Hedge funds aren’t doing well in terms of performance – that will just increase the number of family offices.
A recent report by Citi, a US bank, on the global hedge fund industry found that assets in the sector fell in August this year by $78.4 billion, the biggest fall since October 2008 when the financial crisis was at its most potent. Hedge funds, set up originally to “hedge” against falling markets, don’t seem to like volatile markets like the ones of the last few months. But maybe there is something more fundamental happening.
Because bad performance, coupled with regulatory pressures, will likely see more hedge funds turn themselves into family offices, as they seek refuge in family-only investments, where regulatory and client pressures are pretty much absent.
The latest hedge fund manager to convert his fund into a family office is John Brynjolfsson, the chief investment officer of Armored Wolf, a California based hedge fund. Brynjolfsson said he is closing his hedge fund to outside investors and converting it into a family office to manage his own money.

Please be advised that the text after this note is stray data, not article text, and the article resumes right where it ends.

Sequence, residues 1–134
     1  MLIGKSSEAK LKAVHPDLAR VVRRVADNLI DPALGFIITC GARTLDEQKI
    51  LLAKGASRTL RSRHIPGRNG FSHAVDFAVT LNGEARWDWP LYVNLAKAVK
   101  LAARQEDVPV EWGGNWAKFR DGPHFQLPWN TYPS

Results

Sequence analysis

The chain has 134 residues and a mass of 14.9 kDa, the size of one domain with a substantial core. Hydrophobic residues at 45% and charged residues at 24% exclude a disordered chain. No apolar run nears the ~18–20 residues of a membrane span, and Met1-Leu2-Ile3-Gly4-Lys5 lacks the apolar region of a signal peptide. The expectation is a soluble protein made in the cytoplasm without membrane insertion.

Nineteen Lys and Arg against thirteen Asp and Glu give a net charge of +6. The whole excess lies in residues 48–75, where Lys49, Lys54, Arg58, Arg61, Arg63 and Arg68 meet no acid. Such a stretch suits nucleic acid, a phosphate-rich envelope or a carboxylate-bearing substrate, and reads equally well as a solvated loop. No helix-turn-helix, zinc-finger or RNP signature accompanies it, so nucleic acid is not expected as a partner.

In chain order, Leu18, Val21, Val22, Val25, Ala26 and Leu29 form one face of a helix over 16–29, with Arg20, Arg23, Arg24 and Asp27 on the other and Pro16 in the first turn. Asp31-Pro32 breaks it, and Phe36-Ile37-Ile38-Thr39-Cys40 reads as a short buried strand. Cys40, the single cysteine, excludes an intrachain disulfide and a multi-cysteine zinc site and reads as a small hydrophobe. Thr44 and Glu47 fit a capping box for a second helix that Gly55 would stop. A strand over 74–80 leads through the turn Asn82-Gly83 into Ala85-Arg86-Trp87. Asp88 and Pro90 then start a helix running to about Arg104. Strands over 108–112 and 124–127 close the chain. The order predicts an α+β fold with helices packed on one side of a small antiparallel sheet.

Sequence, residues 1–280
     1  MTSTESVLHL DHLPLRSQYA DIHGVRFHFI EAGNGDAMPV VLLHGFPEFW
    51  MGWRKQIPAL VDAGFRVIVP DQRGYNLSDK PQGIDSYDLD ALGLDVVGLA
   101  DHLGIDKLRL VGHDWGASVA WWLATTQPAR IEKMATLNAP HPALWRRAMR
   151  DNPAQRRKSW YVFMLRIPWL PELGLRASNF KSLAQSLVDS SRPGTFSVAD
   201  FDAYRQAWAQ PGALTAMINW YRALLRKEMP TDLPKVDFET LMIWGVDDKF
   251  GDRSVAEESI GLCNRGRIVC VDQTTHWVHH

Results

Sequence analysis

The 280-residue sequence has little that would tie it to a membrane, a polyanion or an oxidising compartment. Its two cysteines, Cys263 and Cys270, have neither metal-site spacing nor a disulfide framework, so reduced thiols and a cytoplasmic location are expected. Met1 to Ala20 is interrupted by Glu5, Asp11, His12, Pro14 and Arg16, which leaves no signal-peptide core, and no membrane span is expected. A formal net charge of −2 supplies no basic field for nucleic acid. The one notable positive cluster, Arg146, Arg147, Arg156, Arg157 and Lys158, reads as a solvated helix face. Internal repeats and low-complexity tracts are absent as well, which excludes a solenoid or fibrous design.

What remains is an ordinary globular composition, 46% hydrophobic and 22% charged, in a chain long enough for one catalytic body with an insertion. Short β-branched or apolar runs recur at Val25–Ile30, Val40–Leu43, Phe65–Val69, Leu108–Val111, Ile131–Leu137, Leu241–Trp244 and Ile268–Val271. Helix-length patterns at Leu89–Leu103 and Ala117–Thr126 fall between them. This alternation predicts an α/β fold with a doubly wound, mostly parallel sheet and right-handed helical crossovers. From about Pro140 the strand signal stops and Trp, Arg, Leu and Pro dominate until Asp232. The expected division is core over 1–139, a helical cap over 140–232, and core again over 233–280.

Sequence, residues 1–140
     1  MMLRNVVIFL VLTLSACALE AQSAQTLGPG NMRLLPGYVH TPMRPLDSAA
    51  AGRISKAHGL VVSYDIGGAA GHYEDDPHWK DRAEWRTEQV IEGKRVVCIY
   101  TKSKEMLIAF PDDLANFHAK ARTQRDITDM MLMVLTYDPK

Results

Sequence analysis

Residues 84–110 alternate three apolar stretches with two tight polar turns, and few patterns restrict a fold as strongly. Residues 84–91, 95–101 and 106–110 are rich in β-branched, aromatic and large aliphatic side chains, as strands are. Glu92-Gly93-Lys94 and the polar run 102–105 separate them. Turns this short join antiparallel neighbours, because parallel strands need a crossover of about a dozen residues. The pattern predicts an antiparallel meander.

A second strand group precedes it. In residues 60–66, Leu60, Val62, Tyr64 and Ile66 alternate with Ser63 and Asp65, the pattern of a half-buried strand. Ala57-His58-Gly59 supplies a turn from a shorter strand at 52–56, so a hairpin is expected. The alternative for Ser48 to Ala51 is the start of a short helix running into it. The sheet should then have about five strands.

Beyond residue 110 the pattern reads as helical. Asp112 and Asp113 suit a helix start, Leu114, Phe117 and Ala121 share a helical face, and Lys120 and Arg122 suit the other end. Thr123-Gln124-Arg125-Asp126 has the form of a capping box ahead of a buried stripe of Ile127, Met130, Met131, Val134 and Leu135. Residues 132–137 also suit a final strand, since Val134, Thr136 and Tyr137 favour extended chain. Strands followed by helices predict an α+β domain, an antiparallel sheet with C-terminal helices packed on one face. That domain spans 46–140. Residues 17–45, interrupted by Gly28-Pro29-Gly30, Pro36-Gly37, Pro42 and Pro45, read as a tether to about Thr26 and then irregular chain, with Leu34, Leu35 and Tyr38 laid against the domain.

In an interview with Bloomberg, Brynjolfsson added that he was looking forward to a sabbatical and that the five-year bear market in commodities had made the decision easier. Numerous hedge funds managers have already converted their funds into family offices; notable investors who’ve made the move include George Soros, Carl Icahn, John Thaler and Stanley Druckenmiller.
As Family Capital reported recently, a number of other hedge fund managers might not have quit their day jobs running hedge funds but have set up family offices. This has led to some questions about a possible conflict of interest in terms of the advice they’re giving their hedge funds clients and what they’re investing in at their family office. The US Securities and Exchange Commission seems to be aware of the problems and may crackdown soon, say people close to the regulator.
Given performance pressures and potential regulatory difficulties more hedge fund managers may also be thinking about following the herd and moving all their investments into their family office – and saying goodbye to the wonderful world of hedge funds.